I’m a big fan of Rebecca Baumann’s work. Last year I loved her Automated Colour Field at ACCA, an installation of 100 flip clocks with pages of coloured paper. This was a beautiful contemplative artwork, constantly changing as the coloured pages randomly flipped over. In November last year I saw her golden curtain of tinsel, Untitled Cascade, animated by a small domestic fan, at West Space. It reminded me of a theatrical curtain or a backdrop from a cheesy TV game show. She’s also created a confetti machine and used exploding balloons filled with confetti and coloured smoke bombs in her installations. Her work is really fun and beautiful and she’s interested in the relationship between colour and emotion.
More of Rebecca’s work here.
I’ve finished my new geometric painting… I’m quite pleased with it.
Last week our class visited a survey exhibition of photographic artist Pat Brassington at ACCA. Brassington uses photographs and photo collage to produce her images. Her work is influenced by surrealism, Freud and the language of dreams.
Recurring motifs in her work include interior and domestic spaces; carpets and wallpapers, furniture and curtains, figures with obscured faces (by masks or coverings), bodies (often cropped) and legs and feet. Themes are sexuality, domesticity, repression, for example images of taped and fabric-filled mouths, and deformity. Untitled VI, 2002, inkjet print, shows a young boy standing against a wall, his mouth taped up, and lines of tape crossing his body, restraining him. In my mother’s house, 1994, is a grainy photo of a young boy with his head tilted back to display two large goiterous lumps in his throat.
By the Way, 2010, pigment print, shows a woman walking away from the viewer, her head covered by a tall hat-like piece of pink fabric. The figure is very large and is walking along a path or road. Her clothing, a long skirt, jumper and sensible shoes, suggests a disapproving mother. The Secret, 2010, pigment print, is a black and white close up of a young girl’s face, her right eye crossed, and her mouth covered what looks like a piece of blue tape. A strand of hair like a rope hangs around her neck. It’s implied that her ‘secret’ has been censored.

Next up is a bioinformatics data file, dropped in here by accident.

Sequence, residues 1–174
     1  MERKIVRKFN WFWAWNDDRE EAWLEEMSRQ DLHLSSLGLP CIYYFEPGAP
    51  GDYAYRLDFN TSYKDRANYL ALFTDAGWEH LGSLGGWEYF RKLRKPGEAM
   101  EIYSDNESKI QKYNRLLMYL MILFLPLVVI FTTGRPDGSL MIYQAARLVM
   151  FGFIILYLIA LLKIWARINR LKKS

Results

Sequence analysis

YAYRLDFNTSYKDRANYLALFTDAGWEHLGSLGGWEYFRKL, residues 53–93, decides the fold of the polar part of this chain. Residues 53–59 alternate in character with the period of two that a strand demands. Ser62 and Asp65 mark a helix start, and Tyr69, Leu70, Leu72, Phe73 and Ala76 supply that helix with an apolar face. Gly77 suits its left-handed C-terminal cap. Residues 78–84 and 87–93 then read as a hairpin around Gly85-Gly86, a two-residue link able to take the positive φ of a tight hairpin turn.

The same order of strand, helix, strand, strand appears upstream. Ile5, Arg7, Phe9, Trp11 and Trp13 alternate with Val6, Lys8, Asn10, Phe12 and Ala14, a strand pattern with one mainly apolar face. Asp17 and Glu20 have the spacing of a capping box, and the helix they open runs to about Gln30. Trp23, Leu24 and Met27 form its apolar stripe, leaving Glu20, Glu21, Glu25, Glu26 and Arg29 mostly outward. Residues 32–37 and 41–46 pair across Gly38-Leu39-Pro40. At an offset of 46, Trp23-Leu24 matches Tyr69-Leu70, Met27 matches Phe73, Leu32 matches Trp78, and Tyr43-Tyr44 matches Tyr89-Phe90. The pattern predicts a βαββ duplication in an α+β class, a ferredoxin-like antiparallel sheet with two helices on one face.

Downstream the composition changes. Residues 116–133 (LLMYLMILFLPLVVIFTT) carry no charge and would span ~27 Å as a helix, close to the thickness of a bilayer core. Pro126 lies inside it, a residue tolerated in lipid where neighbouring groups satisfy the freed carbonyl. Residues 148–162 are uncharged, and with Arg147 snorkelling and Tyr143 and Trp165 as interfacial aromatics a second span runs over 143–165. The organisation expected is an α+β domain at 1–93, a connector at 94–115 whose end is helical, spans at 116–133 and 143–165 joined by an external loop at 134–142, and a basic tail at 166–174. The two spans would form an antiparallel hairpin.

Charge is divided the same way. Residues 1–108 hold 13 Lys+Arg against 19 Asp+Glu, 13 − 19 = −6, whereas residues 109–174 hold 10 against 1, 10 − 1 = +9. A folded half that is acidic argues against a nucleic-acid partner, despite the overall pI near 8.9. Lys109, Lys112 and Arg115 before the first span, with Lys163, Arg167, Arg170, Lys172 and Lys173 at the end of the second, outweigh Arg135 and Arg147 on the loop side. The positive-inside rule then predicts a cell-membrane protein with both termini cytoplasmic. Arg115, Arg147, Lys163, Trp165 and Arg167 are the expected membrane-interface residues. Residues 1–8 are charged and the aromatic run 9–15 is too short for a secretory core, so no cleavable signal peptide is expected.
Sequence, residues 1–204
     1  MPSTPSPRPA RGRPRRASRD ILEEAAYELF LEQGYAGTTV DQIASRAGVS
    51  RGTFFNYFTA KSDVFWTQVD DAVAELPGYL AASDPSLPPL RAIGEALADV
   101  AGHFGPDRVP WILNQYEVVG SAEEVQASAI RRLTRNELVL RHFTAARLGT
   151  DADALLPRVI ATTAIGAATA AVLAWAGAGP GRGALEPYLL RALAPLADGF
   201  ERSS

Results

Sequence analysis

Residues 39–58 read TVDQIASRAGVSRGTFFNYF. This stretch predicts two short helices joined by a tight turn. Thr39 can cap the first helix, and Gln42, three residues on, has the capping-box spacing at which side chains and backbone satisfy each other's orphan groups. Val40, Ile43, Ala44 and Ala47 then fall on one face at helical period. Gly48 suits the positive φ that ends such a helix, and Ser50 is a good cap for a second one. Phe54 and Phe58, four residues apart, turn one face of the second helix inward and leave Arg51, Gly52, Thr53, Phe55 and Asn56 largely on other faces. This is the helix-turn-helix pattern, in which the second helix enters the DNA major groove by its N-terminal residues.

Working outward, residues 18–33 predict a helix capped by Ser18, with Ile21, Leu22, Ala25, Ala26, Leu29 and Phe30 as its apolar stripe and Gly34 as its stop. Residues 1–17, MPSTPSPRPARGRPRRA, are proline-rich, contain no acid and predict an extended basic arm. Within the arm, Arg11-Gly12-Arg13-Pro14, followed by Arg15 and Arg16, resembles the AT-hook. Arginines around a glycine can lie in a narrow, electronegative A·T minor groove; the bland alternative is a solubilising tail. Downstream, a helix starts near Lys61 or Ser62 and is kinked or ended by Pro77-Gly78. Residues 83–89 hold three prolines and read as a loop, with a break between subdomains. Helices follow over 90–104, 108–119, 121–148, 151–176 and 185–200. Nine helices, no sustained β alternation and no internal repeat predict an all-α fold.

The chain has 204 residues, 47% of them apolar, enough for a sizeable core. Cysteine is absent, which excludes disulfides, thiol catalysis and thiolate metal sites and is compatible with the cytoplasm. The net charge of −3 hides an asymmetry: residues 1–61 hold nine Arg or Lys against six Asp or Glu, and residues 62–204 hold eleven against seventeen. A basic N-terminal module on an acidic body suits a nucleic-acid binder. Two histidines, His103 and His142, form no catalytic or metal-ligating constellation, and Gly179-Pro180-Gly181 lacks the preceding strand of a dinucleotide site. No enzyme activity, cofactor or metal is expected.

I liked Untitled, 1989, a large triptych of black and white silver gelatin photographs, one showing a pre-Raphaelite looking woman with long tangled hair blowing in the wind, and a draped dress, the second palm trees on a beach bending in a gale next to a wild ocean, and the third a nude woman covering her face with her arms. There is a sense of drama of mystery about this and the feeling of some obscure narrative.
Brassington’s work is both disturbing and sinister, with its grotesque nudity, vulva-like wounds, and stretched tights. Her photographs blur the boundaries of the real and imagined, and have the strange logic of dream or fantasy.
Gemma Smith is one of my favourite artists. Her paintings are made up of geometric colourful ‘shards’, giving a sense of perspective and depth. She also makes multi-sided perspex sculptures she calls ‘boulders’. Her new works (Tangle paintings) are much more painterly and use organic shapes. I love her use of colour and the way she uses both geometric and organic shapes.
Work from 2011 here.
In March I went to Brisbane Gallery Of Modern Art to see Yayoi Kusama’s exhibition, Look now, see forever.
In the show were large acrylic sculptures, installation rooms with inflatables, sculptures and mirrors, and large paintings, including an ‘Infinity Net’ series which inspired my Psychedelic Pink Coral painting. The Obliteration Room, an interactive work — a white room containing white furniture — was gradually covered with round colourful stickers by the audience. I love Yayoi Kusama’s work, it is so vibrant, quirky and colourful, and her installations are amazing. I first saw her work a few years back, her infinity room Soul under the moon, which is also at Brisbane GOMA. It’s incredible. You enter a small dark room and feel like you’re in a galaxy stretching to infinity. I’m so pleased I was able to see more of her work this year.
My latest painting uses geometric shapes again. I based the composition on a random arrangement of cut-out shapes then added new layers with transparent paint. Next I think I’ll add some drippy sections as a contrast.
Melbourne has lots of ARIs (Artist Run Initiatives) which usually show different and more unusual work than commercial galleries, and a new one has popped up locally in Footscray. My artist friend Michelle and I went to the Bruce opening night last night.
We saw some interesting installations using lights, cane, a birdcage, timber and paper ‘fungus’ by Leon van de Graaf.
Welcome to the neighbourhood, Bruce! More places to show art can only be a good thing…